Dogs and psychosis


The dictionary describes psychosis as:

“… a mental disorder characterized by symptoms such as delusions or hallucinations that indicate a disruption to reality.”

Psychologists and psychiatrists can argue indefinitely where to draw the line between neurotic and psychotic behavior, and it is of course difficult to see the symptomatic differences at that common junction; however, when the focus is on the extremes of each condition, the differences become apparent even in dogs.

A neurotic dog may exhibit chronic anxiety, fear, hyperactivity, obsessive behavior, and an inadequate response to stimuli. But in reality, psychic dogs are unhappy. Their behavior is acute and unpredictable. It ranges from manic heights to deep depression and is dangerous and destructive to the dog, as well as other animals and people the dog comes in contact with.

Many of these behaviors are sometimes exhibited by non-psychotic dogs that have a “bad day.” Others may be concerned about some anxiety that temporarily affects their behavior. When suffering ceases, behavior normalizes. The difference between these dogs and truly psychotic animals is that psychotic animals seem to be completely unaware of the nature of their destructive behavior. Psychotic dog misbehaving; she simply has no control over her actions.

Dogs suffering from psychosis often experience intense violence for no apparent reason. They injure themselves, attack inanimate objects and attack anyone who is miserable to be on their aggressive path. They often do not respond to external stimuli. Their moods quickly change from manic to depressed. Some psychotic dogs will not eat as much as they will actually starve to death.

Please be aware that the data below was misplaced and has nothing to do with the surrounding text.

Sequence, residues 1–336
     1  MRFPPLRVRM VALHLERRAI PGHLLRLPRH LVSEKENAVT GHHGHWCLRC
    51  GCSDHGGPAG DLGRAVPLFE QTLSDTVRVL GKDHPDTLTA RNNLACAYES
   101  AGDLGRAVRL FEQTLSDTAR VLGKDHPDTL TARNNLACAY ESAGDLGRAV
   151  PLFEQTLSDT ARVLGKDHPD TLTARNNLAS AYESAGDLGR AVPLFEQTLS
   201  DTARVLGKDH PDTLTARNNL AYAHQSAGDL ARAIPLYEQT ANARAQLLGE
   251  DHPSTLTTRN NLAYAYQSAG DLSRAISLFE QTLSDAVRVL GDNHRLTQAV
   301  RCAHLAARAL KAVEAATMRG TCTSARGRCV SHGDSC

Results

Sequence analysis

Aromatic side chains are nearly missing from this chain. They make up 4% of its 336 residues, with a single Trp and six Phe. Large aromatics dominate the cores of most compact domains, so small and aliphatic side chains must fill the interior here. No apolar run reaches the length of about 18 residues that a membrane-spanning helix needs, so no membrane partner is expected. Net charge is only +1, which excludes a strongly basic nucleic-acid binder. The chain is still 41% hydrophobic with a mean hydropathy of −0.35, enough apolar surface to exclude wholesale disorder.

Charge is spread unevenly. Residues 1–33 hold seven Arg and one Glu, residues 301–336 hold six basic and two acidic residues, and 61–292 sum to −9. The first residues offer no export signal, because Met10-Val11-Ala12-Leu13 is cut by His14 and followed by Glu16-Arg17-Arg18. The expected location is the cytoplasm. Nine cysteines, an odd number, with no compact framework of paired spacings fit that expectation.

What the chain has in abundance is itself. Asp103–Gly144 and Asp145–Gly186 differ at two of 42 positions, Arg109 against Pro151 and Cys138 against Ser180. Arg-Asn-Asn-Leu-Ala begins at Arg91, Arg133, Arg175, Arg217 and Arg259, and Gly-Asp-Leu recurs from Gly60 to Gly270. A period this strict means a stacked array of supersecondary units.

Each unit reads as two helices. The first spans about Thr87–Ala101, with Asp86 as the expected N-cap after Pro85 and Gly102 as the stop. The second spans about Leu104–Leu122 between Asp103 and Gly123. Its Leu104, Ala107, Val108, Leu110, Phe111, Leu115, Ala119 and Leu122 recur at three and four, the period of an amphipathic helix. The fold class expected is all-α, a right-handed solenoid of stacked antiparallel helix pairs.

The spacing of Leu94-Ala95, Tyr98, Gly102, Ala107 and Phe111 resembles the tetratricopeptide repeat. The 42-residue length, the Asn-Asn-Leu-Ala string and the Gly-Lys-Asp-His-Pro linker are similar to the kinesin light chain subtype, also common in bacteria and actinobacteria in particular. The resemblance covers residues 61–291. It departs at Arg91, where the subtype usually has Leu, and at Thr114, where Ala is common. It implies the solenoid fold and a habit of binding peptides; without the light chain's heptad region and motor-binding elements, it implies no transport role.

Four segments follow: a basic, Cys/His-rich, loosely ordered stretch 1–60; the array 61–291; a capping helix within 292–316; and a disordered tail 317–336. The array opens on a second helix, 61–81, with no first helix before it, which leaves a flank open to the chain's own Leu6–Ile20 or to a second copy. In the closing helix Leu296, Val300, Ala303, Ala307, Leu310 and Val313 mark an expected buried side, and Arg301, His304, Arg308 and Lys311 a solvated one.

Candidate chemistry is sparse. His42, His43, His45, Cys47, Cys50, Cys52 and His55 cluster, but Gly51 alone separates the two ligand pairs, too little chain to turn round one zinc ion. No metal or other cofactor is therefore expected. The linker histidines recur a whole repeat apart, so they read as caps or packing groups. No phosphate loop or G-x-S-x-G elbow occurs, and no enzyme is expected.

A dog’s maladaptive behavior can be diagnosed as psychotic if one or more of the following conditions are present in the dog’s history: accidental drug overdose, extensive corticosteroid therapy, sinking before the age of three months, severe parasitic infection six years ago. months old, diabetes mellitus, pre-existing severe bruises, spinal or head injury and major psychological trauma.

The pattern of occurrence of canine psychosis in dogs coincides quite well with the occurrence of psychotic illness in humans. Some dogs have a genetic condition that manifests itself in destructive behavior at an early age. Others live a normal life until serious psychotic behavior occurs at a certain age.

The mental health of dogs is of interest and concern to veterinarians. Some professionals evaluate and treat these mental illnesses, but canine psychoses are not subject to the same research as human psychiatric problems. While many owners want to invest significant sums in the treatment of physical ailments, once proven to be cured, they do not want to incur similar costs to speculatively treat their dog’s mental illness. Truly psychotic people are provided with professional psychiatric care, if necessary, in a safe place to live. Dogs that exhibit serious psychotic behavior are wiped out.


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